I’d been thinking about this, figured I’d put it “to paper” so to speak:
#1) Stop using the brakes when going downhill
It’s very common for people to be scared when descending, but it’s the same as when running downhill – you’re loosing free speed. It’s also likely to be safer, as you won’t risk locking the front wheel. Part of feeling more confident at higher speeds comes from the next tip…
FYI: This also saves you money and time. Money because you’re not wearing down brake pads, or rims for rim brakes. If your rim is concave – look and see if you can feel the surface is curved – you need to replace the rim at your earliest convenience. Time is saved because less brake wear means less time adjusting brakes.
#2) Descend out of the saddle
Develop “The Tuck”:
You want the pedals level, at a 3 and 9 o’clock position. This puts your feet on even footing, as this serves as your platform or base. Ideally, your dominate/stronger foot/leg is in front – this is so your “best foot is forward” when it comes time to start pedaling again. Now lift your butt out of the saddle/seat, with a bend in the knees. Strive to pinch the saddle between your inner thighs. Effectively, you’re suspending your butt out of the saddle with your legs.
Speaking from a road bike handlebar setup, your hands can be either on the hoods (the brake/shifters) or in the drops (anywhere on the bar, under the brake/shifter). Aerodynamically speaking, drops is preferred. Think “Drops is for descending”…
The last part is lowering your head, as close to the handlebars as possible but not looking down. The goal is to be as aerodynamic as possible.
From my experience, some people just coast better than others. I’ve passed people in a full-on tuck, while I’m upright on the hoods. I don’t want to think it’s a weight thing… If riding in a group, once you get more confident about descending – try drafting people on the descent to see if you can gain speed such that you overtake the person in front of you. But be careful, and don’t get too close.
#3) Pedal on the Downhill
Depending on the speed of your descent, it can be done. It’s required/requested in faster group rides, for the safety of the group so there’s no “yo-yoing” or surging/slowing radically and frequently. And by pedaling, I don’t mean moving your legs – you want to be in a gear that allows you to just feel the feedback from the interaction with the road. This technique is not to be used all the time, but eventually you get a feel for it so you can use it to your advantage.
#4) Corner better with better weight distribution
Cornering or off-camber (meaning, not flat from a left to right perspective) sections, the tip is the same: The pedal on the outside of the corner should be down at the lowest point of the rotation, and the pedal on the inside of the corner should be at the highest point. Now apply weight to the outside pedal as you make the corner to allow yourself to lean further – angling the side of the bike lower. It’s about weight distribution to keep the center of gravity where it needs to be as you bank the bike.
#5) Use Momentum for Climbing
To most, this would be counter-intuitive but for smaller hills – sprint into them. Take advantage where you can to gain speed before encountering the hill so you hopefully have less work to do to get over the hill. If you time it right, and have the leg strength – you might be able to get over a hill.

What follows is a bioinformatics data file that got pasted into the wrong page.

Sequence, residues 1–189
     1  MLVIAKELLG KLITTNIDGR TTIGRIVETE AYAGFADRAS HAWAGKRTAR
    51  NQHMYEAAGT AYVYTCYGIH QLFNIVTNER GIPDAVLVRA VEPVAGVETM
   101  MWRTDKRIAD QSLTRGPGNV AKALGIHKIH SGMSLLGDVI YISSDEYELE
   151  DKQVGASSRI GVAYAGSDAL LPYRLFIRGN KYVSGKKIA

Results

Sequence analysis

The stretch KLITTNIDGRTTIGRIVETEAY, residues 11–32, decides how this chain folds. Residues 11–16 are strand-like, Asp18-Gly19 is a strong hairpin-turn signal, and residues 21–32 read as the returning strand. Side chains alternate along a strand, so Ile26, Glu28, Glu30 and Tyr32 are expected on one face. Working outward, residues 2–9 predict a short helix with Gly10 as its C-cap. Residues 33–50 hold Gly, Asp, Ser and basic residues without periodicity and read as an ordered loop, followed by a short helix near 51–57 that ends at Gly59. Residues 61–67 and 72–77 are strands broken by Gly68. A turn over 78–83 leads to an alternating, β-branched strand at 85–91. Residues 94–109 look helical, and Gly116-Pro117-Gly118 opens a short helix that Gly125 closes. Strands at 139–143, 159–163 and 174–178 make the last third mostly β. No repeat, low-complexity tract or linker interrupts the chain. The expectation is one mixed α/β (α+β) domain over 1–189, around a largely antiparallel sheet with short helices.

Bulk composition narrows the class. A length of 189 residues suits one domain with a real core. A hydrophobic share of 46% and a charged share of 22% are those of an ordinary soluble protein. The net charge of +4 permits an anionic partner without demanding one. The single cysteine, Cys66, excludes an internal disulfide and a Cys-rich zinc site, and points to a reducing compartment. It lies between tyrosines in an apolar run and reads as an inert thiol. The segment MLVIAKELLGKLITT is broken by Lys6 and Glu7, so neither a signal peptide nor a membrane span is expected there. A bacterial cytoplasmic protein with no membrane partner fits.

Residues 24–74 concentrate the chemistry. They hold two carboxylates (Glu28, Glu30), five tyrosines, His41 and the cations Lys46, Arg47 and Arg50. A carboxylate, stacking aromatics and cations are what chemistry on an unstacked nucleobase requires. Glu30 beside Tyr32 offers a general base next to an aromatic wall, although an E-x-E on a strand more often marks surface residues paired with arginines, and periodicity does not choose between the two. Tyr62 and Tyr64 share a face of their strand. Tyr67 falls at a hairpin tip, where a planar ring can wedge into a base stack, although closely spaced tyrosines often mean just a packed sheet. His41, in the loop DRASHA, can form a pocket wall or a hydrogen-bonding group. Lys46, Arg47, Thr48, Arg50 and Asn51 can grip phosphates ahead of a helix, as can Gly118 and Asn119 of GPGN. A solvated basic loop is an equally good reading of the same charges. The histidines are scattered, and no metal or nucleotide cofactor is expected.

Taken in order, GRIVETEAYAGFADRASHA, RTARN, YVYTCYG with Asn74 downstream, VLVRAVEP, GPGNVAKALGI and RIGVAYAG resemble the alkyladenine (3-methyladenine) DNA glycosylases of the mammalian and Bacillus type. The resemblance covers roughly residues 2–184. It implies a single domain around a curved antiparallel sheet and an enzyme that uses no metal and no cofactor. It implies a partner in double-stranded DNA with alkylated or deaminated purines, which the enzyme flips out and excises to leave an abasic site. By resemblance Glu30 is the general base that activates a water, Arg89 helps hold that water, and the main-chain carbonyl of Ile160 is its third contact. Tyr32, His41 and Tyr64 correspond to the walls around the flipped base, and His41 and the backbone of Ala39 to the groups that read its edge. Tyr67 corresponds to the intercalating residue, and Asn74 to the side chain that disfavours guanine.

- Don’t bother taking things for tire patching if you’re doing Sprint/Olympic/Standard distances – from a competitive perspective, if you have a flat you’re out. It’s less weight on the bike and complexity for your transition if gear is stored in a jersey/etc. Lastly, in my experience – all you need is decent inflation of your tires (80-100 psi for 700c). After a season, the only tubes I lost were to overheating in transition after I left for the run.
- I recommend speedplay [clipless] pedals for a number of reasons:
- Double sided entry – most other road pedals only provide one
- The retention is on the shoe rather than the pedal, and it’s recessed so you’re not damaging the cleat by running in shoes. The “cleat” on the shoe is also flat, so you’re less likely to injure your foot/ankle going out and in transition
- I like disc brakes. I’m not a purist – I like brakes that work, and more importantly work in wet weather that sometimes happens unexpectedly.
- I’m not sold on aero, at least not when an aero bike weighs sometimes 5+ lbs more than what I ride. That’s a substantial amount to have to push up a hill, where aero won’t help you. I can understand for iron and half-iron, but not Sprint/Olympic/Standard distances…
- I don’t like the no drafting rules, at least that’s what exist at my local level of triathlon competition. It’s OK for swimming and running, but not cycling… WTF? I think it has more to do with people paying lots for a bike but have no bike skills so the likelihood of an expensive accident gets more plausible. But it also means that triathletes dismiss cycling in group rides for sake of “they can’t draft in competition”. Yes, drafting saves energy but you still have to be able to stay in that draft or close the gap to get there. There’s lots to be gained from cycling in groups, same as running.